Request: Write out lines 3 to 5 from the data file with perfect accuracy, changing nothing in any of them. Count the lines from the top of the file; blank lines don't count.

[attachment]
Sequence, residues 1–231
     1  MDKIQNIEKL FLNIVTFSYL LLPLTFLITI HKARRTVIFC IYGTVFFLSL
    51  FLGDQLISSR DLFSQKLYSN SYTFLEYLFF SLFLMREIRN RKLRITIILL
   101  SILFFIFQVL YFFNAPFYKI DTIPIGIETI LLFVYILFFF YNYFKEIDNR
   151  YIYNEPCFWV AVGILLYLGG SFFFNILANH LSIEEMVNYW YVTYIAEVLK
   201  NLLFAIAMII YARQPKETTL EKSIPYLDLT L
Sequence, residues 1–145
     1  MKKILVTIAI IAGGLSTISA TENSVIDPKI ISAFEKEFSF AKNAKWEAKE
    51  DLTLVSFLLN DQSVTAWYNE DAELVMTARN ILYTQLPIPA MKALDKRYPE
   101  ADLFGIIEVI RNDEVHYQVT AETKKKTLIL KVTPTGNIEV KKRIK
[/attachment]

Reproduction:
    51  FLGDQLISSR DLFSQKLYSN SYTFLEYLFF SLFLMREIRN RKLRITIILL
   101  SILFFIFQVL YFFNAPFYKI DTIPIGIETI LLFVYILFFF YNYFKEIDNR
   151  YIYNEPCFWV AVGILLYLGG SFFFNILANH LSIEEMVNYW YVTYIAEVLK